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Arctic Estuaries Survey 2015: Blog #3

Published on: 08/24/2015
Region(s) of Study: Waterbodies / Bering SeaForeign Countries
Primary Contact(s): ian.hartwell@noaa.gov

By Ian Hartwell, Senior Scientist for Aquatic Toxicology, NOAA National Status and Trends Program.

The NOAA ship Ron Brown continues on as the Bering Sea weather takes a stormy turn. Credit: NOAA.

The NOAA Ship Ron Brown continues on as the Bering Sea weather takes a stormy turn. Credit: NOAA.

Somebody accidentally hit an alarm bell at about 5 AM, and not many on board got a lot of sleep after that.

Monday arrived bright and calm, even warm(ish) in the sun today. I think we’ve gotten the hang of the sampling routine, so I’m optimistic. Unfortunately, the weather is going to turn bad by Wednesday. So we’re rewriting the sampling plans to accommodate both science parties. A general rule of thumb is that the cruise plan is good right up to the time you leave the dock, and this cruise is proving to be no different. According to forecasts, the weather will be better on Friday, so we’re rearranging which team does what first.

NOAA scientists descend from the Ron Brown onto the small boat to conduct further sampling. Credit: NOAA.

NOAA scientists descend from the Ron Brown onto the small boat, Peggy D, to test it in open ocean conditions. Credit: NOAA.

We launched the small boat (the Peggy D) today to see how difficult it would be in the open ocean, as opposed to our practice runs in the protected waters in Kodiak. Seas are running 4 -5 feet. They look much smaller from the deck of the ship. You have to time your step from the ladder to the boat just as the deck is at its peak position in the waves. My greatest fear is that somebody falls into the water, or gets pinned between the hulls of the two vessels. Hypothermia begins to set in in a matter of minutes in water this cold, and somebody in the water will be unable to help you rescue them in a very short time. The water here is about 44oF. It will get much colder, close to 32oF, or freezing, as we move north. If somebody is injured, we are a long way from help. Safety is always of paramount importance on NOAA ships.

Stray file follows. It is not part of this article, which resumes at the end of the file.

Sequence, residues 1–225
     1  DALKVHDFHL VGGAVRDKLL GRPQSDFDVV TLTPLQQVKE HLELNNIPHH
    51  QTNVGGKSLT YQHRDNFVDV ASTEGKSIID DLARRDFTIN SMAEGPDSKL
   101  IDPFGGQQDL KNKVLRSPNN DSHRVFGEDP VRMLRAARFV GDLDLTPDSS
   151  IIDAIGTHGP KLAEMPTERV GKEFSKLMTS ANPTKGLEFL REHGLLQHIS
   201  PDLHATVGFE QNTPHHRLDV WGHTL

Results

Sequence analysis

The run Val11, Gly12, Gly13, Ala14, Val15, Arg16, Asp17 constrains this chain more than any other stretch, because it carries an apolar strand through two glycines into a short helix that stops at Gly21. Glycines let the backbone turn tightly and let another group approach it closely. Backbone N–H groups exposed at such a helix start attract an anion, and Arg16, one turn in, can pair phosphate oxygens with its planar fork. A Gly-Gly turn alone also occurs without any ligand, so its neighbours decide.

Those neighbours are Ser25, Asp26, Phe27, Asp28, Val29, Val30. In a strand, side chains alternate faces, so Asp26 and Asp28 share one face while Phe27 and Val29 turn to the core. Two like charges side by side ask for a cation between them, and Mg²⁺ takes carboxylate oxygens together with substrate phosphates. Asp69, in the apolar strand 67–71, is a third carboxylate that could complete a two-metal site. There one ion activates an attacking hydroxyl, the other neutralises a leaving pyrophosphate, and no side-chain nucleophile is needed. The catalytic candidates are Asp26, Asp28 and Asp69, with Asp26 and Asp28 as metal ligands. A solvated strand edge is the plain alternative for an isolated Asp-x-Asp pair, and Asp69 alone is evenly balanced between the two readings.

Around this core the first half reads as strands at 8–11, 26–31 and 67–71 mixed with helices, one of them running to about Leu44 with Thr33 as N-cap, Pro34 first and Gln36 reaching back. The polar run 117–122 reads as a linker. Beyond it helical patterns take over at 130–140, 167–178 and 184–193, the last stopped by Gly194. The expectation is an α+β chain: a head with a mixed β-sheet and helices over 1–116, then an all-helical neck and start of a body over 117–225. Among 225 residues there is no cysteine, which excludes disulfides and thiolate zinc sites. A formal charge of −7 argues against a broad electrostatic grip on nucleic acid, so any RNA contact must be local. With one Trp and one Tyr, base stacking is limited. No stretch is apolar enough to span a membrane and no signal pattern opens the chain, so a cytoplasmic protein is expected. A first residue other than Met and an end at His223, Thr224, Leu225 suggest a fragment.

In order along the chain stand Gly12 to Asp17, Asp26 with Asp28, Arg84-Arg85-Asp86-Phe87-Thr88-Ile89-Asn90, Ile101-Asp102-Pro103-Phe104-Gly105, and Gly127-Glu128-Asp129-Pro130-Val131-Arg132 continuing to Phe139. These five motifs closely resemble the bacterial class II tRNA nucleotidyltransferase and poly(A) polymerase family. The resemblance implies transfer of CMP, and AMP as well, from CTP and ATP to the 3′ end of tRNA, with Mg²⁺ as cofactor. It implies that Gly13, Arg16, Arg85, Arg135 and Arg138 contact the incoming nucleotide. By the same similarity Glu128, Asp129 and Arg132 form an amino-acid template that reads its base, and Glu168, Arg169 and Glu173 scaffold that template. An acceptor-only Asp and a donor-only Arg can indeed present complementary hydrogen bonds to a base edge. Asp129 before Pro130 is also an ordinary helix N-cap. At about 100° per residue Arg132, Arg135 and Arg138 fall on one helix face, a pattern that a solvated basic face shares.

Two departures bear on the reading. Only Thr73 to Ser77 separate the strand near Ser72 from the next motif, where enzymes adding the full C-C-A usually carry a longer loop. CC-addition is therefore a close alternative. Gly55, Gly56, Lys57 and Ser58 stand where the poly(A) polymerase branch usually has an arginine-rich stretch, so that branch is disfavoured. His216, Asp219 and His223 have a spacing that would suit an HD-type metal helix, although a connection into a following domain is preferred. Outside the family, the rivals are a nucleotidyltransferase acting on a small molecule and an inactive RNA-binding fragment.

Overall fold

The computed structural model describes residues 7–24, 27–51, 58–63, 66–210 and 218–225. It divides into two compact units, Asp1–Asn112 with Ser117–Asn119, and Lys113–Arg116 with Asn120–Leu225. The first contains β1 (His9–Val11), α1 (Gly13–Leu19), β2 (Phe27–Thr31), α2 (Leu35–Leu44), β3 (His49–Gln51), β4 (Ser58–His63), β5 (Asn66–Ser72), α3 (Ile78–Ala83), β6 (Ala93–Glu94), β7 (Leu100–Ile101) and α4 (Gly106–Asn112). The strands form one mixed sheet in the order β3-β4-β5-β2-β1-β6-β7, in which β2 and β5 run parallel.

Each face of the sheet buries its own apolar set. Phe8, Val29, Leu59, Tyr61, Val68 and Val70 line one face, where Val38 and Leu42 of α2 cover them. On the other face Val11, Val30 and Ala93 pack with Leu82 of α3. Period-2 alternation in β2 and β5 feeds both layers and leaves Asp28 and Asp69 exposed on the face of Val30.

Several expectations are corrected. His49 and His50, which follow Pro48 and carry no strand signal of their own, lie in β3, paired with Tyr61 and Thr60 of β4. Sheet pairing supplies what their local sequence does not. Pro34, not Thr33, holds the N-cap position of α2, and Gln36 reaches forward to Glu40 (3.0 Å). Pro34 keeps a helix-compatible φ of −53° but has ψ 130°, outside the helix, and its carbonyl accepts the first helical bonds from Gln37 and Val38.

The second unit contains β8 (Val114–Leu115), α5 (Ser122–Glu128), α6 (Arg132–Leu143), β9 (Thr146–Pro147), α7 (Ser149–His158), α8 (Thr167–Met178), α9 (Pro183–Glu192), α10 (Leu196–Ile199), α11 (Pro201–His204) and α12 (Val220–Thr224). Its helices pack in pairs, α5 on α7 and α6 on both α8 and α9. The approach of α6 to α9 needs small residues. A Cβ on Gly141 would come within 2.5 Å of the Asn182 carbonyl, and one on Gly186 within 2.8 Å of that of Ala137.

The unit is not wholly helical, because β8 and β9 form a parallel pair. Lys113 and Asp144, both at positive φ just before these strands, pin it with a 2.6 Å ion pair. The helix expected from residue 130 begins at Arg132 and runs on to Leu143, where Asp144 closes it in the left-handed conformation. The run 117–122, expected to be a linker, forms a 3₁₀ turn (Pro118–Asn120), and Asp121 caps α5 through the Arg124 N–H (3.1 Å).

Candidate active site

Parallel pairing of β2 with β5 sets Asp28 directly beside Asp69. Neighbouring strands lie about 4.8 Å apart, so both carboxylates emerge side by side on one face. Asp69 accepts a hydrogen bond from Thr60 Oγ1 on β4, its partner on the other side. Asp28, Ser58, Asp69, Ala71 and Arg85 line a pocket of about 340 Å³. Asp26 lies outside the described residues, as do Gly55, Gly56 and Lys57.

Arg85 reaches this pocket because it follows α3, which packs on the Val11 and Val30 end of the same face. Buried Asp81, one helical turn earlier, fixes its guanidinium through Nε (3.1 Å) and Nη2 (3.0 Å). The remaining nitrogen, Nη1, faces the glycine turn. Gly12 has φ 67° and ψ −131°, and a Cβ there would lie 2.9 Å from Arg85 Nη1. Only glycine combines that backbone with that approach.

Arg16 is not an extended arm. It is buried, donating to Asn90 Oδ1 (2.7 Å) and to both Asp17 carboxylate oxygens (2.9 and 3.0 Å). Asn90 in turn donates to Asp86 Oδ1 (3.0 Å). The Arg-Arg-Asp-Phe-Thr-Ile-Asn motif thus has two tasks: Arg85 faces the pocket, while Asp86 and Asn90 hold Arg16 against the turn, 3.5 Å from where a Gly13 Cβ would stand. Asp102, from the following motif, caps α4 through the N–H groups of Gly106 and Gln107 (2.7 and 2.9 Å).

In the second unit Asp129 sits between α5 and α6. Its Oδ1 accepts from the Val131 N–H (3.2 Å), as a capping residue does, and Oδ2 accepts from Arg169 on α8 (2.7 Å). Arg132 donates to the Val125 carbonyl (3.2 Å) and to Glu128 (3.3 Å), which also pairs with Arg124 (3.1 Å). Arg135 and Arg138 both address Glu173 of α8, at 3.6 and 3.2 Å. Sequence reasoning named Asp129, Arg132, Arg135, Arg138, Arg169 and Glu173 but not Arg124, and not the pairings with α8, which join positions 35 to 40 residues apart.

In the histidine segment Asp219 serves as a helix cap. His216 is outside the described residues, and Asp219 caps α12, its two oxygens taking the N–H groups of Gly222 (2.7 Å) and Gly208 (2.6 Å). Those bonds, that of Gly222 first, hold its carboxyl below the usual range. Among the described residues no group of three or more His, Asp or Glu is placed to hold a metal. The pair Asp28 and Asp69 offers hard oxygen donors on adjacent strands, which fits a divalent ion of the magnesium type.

We passed 70oN Tuesday, so we don’t know how much longer we’ll have Internet access. The broadband access satellites are in geosynchronous orbits at the equator. When you go far enough north, they will be too low on the horizon to be reliable. Instead, we can communicate with the outside world through radio or polar orbiting satellites, but they have a much smaller capacity than the broadband satellites. The ship has a system to compress messages coming and going. This reduces the size of the text message so we can communicate through the slower satellites.

About this mission:

During August, the State of Alaska Department ofEnvironmental Conservation, NOAA National Status andTrends Program, and the University of Alaska Fairbanks Schoolof Fisheries and Ocean Sciences will be sampling estuaries andbays along the Chukchi and Beaufort Seas. We are planning tostudy sediments, water, and invertebrates (animals that livein the ocean sediments) to learn more about the naturalconditions of these regions. Minimal samples will be collected, and every effort to reduce our impacts will be made.

For more information, contact Ian.Hartwell@noaa.gov.

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